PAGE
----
Damas Island Mangroves
- Get close to wildlife
- Unique tour through mangrove canals
- Ride in a boat or kayak
- Easy paddling for kayaks
- Telephone : 2777-2052/2777-2173
- Hours : Tour times depend on tide
- Price : $65 per person w/ lunch
- Location : 10-minute drive from Quepos
Capuchin monkeys sail over your head between the trees running along the branches as you idly paddle through canals among the mangrove forest on the Damas Island Mangrove Tour. A two-hour kayak tour through the mangroves takes guests paddling through the thick, bramble of roots and branches close to the local wildlife.read more close
After a ten-minute drive from Quepos you'll arrive at the Damas Island mangroves where you'll prepare for your journey by boat or kayak. After receiving a few helpful tips you'll get in the water in your vessel of choice: single kayak, double kayak or boat - arranged ahead of time.
Guides lead the way through the mangroves explaining the natural history of the incredibly unique and important mangrove eco-system. Along the way you'll learn about the different types of mangrove trees like the black mangroves with their short roots that stick up from the mud like twiggy spikes, the pineapple mangroves with their thick, volcano-shaped roots or the white mangroves with their gnarled roots that curve and bend in twisted jumbles.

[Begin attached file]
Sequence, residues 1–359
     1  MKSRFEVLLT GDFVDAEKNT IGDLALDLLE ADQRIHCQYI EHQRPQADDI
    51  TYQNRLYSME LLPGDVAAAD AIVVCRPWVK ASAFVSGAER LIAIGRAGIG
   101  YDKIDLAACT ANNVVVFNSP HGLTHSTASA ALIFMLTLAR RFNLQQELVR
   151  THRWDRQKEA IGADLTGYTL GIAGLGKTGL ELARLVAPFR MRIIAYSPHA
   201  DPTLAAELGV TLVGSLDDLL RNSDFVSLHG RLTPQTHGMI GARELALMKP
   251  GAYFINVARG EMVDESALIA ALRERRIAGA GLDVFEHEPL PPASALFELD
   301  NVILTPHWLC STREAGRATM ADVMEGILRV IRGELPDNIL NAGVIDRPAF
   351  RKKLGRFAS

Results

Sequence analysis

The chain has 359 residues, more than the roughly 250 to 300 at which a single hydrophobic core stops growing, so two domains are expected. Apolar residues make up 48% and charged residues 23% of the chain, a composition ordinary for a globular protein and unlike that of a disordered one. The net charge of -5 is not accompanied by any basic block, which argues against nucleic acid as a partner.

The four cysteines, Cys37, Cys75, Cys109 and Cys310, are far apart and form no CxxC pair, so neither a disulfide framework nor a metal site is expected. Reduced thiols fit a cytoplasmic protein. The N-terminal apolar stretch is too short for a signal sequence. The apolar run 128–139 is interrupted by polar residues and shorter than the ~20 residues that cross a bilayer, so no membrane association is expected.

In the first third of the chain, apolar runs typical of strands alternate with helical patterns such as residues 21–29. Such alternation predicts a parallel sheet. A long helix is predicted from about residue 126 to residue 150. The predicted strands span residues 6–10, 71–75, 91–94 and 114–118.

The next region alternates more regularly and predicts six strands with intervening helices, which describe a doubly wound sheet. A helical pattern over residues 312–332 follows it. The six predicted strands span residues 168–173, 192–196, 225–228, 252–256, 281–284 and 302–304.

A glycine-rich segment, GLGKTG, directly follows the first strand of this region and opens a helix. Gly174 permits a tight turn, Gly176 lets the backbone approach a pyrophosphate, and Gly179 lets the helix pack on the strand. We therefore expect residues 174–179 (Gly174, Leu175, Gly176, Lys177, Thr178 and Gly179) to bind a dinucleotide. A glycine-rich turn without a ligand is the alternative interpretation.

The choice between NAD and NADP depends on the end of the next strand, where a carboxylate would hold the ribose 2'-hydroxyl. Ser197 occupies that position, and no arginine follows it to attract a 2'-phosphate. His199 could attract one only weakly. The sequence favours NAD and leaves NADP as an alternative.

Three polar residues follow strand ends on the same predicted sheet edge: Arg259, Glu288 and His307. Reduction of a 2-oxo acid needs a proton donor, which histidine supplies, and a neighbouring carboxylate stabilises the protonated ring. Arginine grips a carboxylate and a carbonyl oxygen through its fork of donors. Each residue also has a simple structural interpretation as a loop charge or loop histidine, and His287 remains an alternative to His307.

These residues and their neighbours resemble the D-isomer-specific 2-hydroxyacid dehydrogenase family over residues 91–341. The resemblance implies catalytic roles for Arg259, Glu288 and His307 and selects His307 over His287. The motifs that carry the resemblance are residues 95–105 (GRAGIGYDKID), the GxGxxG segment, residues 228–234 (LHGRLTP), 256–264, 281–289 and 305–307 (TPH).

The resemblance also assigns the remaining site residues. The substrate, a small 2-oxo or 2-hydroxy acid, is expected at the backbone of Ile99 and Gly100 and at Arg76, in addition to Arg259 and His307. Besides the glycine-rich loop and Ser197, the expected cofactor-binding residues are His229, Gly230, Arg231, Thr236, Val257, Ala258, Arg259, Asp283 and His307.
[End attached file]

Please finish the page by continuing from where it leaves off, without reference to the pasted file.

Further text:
Paddling through the canals between the mangrove trees, guides and visitors search for wildlife camouflaged among the branches and the canopies. Some animals are hard to miss, like the capuchin monkeys swinging and chattering in high-pitch squeaks as they move through the mangrove forest. If you're lucky, you'll get within a few feet of these little guys as they perform their tree-to-tree acrobatics.
Other more difficult animals to spot along the tour include boa constrictors curled up in the trees, long-nosed bats sleeping under shady branches and black iguanas sunning themselves on logs sticking up from the canals.
The mangroves also conceal the world's smallest anteater, the endangered pygmy anteater (also known as the silky anteater for their dense, soft fur). At a mere 7 inches long, the pygmy anteater i lives in the mangroves with a two-inch nose that searches out ants and small insects to eat.
After a tour of the mangroves, visitors settle down to a Costa Rican style-lunch of casado (choice of meat, rice, beans and vegetables) and juice.
Departure & Return
- Departure point : Tour departs from all major hotels in Quepos and Manuel Antonio
- Return details : Tour returns to original departure point two to four hours after tour start time
- Departure time : Hotel pickup is between 30 minutes before tour start time depending on hotel location.